A Commonwealth of Thieves

The Improbable Birth of Australia

By Thomas Keneally
(Anchor, Paperback, 9781400079568, 400pp.)

Publication Date: December 4, 2007

Other Editions of This Title: Hardcover, Compact Disc, Compact Disc, MP3 CD

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Description

In this spirited history of the remarkable first four years of the convict settlement of Australia, Thomas Keneally offers us a human view of a fascinating piece of history. Combining the authority of a renowned historian with a brilliant narrative flair, Keneally gives us an inside view of this unprecedented experiment from the perspective of the new colony’s governor, Arthur Phillips. Using personal journals and documents, Keneally re-creates the hellish overseas voyage and the challenges Phillips faced upon arrival: unruly convicts, disgruntled officers, bewildered and hostile natives, food shortages, and disease. He also offers captivating portrayals of Aborigines and of convict settlers who were determined to begin their lives anew. A Commonwealth of Thieves immerses us in the fledgling penal colony and conjures up the thrills and hardships of those first four improbable years.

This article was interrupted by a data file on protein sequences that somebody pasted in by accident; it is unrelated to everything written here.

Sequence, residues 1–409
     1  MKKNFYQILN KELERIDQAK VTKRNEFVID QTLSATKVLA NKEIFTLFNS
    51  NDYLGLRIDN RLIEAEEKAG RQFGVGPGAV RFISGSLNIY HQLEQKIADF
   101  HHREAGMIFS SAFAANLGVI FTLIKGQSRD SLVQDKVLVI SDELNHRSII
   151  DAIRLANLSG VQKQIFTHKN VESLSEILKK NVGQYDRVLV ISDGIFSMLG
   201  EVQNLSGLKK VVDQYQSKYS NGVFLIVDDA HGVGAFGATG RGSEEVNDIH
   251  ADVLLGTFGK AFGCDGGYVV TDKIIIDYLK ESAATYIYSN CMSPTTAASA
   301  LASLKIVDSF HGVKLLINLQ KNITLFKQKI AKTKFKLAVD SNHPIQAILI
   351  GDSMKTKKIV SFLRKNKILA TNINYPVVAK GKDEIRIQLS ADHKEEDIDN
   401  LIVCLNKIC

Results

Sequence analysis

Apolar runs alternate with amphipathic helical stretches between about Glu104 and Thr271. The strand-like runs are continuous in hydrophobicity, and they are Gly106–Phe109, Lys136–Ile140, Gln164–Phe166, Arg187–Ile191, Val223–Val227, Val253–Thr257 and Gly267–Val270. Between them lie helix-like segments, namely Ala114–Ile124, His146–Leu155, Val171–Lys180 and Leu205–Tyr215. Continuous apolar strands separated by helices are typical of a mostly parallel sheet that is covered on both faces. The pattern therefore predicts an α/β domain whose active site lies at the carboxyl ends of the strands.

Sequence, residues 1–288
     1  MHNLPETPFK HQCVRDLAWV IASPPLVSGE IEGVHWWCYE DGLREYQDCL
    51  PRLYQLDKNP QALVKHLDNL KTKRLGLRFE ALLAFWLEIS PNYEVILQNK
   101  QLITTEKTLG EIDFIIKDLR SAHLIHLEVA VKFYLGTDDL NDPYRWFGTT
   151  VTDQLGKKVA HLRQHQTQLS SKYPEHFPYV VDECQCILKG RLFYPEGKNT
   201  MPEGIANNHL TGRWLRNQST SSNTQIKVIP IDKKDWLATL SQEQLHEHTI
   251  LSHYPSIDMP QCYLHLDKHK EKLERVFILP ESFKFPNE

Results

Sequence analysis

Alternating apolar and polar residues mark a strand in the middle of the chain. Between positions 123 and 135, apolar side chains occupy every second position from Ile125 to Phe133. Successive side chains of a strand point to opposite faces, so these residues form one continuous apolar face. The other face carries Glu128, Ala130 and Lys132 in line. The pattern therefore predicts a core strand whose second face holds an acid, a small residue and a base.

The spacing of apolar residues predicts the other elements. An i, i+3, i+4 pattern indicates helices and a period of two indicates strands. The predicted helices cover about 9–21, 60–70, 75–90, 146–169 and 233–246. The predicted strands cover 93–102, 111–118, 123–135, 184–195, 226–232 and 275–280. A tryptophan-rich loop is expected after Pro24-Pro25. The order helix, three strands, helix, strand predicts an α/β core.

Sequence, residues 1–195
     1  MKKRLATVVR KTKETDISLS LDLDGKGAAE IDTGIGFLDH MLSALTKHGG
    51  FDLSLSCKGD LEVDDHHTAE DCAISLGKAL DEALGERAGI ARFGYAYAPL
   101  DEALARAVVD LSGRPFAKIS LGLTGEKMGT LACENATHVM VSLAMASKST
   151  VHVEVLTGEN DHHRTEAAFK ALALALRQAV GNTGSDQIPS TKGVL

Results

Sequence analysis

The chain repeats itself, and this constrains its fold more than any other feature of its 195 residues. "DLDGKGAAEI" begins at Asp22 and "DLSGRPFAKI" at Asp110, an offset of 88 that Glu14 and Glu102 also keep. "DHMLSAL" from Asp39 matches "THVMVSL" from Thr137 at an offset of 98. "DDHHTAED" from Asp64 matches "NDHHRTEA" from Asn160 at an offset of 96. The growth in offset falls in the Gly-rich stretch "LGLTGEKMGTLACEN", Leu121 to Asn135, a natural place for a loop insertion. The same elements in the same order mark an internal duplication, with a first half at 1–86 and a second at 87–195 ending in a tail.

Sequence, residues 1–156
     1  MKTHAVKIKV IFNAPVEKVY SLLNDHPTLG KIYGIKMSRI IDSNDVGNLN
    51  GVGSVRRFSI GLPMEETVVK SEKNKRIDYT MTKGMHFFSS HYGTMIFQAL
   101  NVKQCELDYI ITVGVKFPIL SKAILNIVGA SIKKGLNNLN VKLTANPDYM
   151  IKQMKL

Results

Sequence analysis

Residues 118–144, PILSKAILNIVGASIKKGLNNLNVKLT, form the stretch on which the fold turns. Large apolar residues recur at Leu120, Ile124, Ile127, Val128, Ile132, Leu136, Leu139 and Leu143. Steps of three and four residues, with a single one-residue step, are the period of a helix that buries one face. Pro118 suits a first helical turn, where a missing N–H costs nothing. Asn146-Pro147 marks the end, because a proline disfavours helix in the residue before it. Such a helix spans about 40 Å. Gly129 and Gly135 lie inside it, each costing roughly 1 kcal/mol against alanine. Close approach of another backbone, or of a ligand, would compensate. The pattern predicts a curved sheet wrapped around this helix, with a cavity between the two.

About the Author

THOMAS KENEALLY has won international acclaim for his novels Schindler’s List (the basis for the movie and the winner of the Booker Prize), The Chant of Jimmie Blacksmith, Confederates, Gossip from the Forest, The Playmaker, Woman of the Inner Sea, A River Town, Office of Innocence, and The Tyrant’s Novel. His most recent works of nonfiction are The Great Shame and American Scoundrel. He resides in Sydney, Australia.




Praise For A Commonwealth of Thieves

"A readable, anecdote-packed account of a tragic colonial experiment." —Boston Globe"Superb. . . . Keneally uses his novelist's skill to construct a lively mosaic from contemporary accounts." —Financial Times"Evocative. . . . Weaving together many individual stories, Keneally paints an impressionistic picture of a society in the making." —The Washington Post Book World“Keneally deploys his skills as a novelist to give depth to his work as an historian.” —The Economist

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